$$\begin{aligned}&-\,\dot{\bar{{A}}}\lambda \sin \varphi -\bar{{A}}\lambda ({\lambda +\dot{{\bar{\gamma }}}}) \cos \varphi +\bar{{A}}\cos \varphi \nonumber \\&\qquad +\,\mu \bar{{A}}^{3}\cos ^{3}\varphi -2\xi _1 \bar{{A}}\lambda \sin \varphi +G_1 \nonumber \\&\quad =\lambda ^{2}\cos ({\varphi -{\bar{\gamma }}} ) \end{aligned}$$


$$\begin{aligned} G_1 =\left\{ {\begin{array}{ll} \rho ^{2} ({\bar{{A}}\cos \varphi -d})-2\xi _2 \bar{{A}}\lambda \sin \varphi &{} 0<\varphi<\varphi _0 \quad \hbox {or}\quad 2\pi -\varphi _0<\varphi<2\pi \\ 0 &{} \varphi _0 \le \varphi \le \pi -\varphi _0\quad \hbox {or}\quad \pi +\varphi _0 \le \varphi \le 2\pi -\varphi _0 \\ \rho ^{2} ({\bar{{A}}\cos \varphi +d})-2\xi _2 \bar{{A}}\lambda \sin \varphi &{} \pi -\varphi _0<\varphi <\pi +\varphi _0 \end{array}} \right. \end{aligned}$$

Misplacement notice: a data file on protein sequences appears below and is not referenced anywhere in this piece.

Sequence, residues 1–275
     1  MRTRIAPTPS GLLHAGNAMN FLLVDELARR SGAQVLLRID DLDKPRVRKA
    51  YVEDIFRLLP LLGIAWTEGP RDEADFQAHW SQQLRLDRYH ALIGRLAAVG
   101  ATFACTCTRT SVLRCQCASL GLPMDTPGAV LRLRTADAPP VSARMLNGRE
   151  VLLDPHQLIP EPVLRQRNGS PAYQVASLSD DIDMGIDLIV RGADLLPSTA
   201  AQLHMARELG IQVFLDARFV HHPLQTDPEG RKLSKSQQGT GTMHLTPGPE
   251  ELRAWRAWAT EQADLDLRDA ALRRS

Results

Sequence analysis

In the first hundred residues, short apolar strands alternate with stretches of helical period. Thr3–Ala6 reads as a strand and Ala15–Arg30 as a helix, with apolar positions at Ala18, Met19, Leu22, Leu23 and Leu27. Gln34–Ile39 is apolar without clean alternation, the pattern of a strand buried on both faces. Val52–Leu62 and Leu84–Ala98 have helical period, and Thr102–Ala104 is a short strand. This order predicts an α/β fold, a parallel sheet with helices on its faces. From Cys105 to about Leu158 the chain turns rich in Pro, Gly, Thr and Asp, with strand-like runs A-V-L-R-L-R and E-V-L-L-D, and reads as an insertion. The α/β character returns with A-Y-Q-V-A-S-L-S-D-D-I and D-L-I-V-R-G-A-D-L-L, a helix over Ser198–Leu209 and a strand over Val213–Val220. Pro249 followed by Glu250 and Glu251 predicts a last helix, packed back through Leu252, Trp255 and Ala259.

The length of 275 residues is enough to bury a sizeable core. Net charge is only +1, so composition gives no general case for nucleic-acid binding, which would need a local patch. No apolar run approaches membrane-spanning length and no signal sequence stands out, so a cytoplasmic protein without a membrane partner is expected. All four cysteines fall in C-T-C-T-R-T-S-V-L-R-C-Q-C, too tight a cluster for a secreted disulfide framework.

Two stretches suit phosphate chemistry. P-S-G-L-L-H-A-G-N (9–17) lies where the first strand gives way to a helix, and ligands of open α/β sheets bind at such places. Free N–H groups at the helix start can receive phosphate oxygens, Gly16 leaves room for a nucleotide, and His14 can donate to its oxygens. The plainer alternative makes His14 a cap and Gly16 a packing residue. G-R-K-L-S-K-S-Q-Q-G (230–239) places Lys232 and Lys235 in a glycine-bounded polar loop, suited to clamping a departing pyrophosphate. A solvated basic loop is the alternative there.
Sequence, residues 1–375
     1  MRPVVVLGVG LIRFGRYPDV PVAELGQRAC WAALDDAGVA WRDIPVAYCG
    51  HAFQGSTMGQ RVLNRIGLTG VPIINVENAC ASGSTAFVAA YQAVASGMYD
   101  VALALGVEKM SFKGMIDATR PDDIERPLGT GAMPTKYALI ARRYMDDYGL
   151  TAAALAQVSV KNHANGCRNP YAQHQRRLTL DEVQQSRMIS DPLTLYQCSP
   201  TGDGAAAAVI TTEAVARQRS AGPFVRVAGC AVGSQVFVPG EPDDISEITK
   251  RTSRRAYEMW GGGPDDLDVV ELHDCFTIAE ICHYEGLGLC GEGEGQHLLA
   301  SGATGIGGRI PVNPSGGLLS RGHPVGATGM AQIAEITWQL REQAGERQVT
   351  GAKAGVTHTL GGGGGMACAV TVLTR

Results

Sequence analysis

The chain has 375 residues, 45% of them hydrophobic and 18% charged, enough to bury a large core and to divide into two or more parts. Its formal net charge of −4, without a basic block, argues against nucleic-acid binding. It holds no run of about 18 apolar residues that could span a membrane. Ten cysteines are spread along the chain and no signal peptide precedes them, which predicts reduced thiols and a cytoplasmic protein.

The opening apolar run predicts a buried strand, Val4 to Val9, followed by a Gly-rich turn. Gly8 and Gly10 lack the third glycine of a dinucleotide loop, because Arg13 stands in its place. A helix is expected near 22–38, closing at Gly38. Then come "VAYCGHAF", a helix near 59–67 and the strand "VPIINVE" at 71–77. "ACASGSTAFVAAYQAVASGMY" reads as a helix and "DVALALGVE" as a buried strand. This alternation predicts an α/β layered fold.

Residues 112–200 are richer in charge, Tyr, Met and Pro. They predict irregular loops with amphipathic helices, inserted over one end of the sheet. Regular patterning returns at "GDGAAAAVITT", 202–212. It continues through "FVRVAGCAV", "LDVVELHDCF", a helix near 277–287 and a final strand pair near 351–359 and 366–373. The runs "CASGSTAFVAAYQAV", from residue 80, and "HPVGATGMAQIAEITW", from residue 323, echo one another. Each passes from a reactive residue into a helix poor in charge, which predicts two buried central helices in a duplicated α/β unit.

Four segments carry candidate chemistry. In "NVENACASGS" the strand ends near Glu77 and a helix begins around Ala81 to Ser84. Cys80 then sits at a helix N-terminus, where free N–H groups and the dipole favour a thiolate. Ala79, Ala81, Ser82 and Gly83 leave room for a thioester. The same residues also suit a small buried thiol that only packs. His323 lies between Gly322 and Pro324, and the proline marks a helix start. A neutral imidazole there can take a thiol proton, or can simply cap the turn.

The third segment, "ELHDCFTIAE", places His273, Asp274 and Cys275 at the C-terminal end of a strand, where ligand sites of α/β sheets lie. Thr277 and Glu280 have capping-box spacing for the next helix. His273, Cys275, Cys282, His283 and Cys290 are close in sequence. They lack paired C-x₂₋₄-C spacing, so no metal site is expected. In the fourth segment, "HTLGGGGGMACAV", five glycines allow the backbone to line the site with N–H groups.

Because only \(\varphi _0 \le \varphi \le \pi -\varphi _0\) or \(\pi +\varphi _0 \le \varphi \le 2\pi -\varphi _0\) can be true when \(\varphi _0 =0\), \(G_{1}\) is true under both conditions of \(A>d\) and \(A\le d\).

Solving Eqs. (A3) and (A5) for \(\dot{\bar{{A}}}\) and \(\dot{{\bar{\gamma }}}\), we have

$$\begin{aligned} \lambda \dot{\bar{{A}}}= & {} -\,\bar{{A}}({\lambda ^{2}-1})\cos \varphi \sin \varphi +\mu \bar{{A}}^{3}\cos ^{3}\varphi \sin \varphi \nonumber \\&-\,2\xi _1 \bar{{A}}\lambda \sin ^{2}\varphi +G_1 \sin \varphi \nonumber \\&-\,\lambda ^{2}\cos ({\varphi -{\bar{\gamma }}})\sin \varphi \end{aligned}$$